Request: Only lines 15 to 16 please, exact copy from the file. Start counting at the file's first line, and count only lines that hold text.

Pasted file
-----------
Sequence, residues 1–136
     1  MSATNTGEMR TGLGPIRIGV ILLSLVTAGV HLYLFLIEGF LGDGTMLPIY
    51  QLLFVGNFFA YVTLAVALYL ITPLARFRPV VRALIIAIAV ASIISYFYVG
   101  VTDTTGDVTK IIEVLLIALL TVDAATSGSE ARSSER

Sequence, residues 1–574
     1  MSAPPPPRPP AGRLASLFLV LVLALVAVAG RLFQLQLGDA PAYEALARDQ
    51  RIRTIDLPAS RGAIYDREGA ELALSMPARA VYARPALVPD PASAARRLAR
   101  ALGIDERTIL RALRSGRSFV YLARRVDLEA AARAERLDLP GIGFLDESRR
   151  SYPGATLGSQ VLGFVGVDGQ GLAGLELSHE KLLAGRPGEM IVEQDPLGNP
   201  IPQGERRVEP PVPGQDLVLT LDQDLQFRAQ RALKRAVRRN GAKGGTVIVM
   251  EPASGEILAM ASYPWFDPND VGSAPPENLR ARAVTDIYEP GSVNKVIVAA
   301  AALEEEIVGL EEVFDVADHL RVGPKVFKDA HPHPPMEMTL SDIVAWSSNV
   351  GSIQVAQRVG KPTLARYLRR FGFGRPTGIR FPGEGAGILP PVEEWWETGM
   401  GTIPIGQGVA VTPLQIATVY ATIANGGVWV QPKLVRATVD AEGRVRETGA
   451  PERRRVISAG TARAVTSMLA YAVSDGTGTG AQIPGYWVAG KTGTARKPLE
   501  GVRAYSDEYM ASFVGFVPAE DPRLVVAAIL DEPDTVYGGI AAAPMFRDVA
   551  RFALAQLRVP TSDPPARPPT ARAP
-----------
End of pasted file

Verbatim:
   451  PERRRVISAG TARAVTSMLA YAVSDGTGTG AQIPGYWVAG KTGTARKPLE
   501  GVRAYSDEYM ASFVGFVPAE DPRLVVAAIL DEPDTVYGGI AAAPMFRDVA